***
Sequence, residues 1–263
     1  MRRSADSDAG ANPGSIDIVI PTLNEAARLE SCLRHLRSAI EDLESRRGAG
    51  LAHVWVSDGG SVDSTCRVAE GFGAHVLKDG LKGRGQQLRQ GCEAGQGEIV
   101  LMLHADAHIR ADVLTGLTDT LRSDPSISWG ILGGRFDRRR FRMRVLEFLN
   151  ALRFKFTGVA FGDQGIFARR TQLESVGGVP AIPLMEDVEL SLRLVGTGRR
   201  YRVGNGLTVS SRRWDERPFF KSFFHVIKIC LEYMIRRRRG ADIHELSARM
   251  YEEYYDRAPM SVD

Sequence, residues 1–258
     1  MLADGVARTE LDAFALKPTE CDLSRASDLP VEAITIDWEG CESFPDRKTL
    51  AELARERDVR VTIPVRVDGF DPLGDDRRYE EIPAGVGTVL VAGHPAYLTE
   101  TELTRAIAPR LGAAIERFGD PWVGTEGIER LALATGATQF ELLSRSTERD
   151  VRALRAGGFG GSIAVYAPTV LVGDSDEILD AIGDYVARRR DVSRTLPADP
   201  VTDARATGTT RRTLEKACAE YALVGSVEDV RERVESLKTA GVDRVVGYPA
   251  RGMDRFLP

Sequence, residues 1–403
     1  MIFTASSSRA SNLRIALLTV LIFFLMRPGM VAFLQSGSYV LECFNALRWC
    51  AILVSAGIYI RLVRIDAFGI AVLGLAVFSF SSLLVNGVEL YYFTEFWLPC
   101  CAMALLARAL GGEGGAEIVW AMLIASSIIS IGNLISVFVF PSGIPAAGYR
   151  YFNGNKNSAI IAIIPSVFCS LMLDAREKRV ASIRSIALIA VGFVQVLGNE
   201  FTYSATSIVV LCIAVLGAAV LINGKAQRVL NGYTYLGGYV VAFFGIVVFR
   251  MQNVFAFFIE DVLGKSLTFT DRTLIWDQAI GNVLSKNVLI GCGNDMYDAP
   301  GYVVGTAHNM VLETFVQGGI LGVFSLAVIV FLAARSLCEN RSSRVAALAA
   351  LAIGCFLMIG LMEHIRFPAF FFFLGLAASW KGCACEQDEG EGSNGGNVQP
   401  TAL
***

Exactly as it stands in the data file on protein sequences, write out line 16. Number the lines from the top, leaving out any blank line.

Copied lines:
     1  MIFTASSSRA SNLRIALLTV LIFFLMRPGM VAFLQSGSYV LECFNALRWC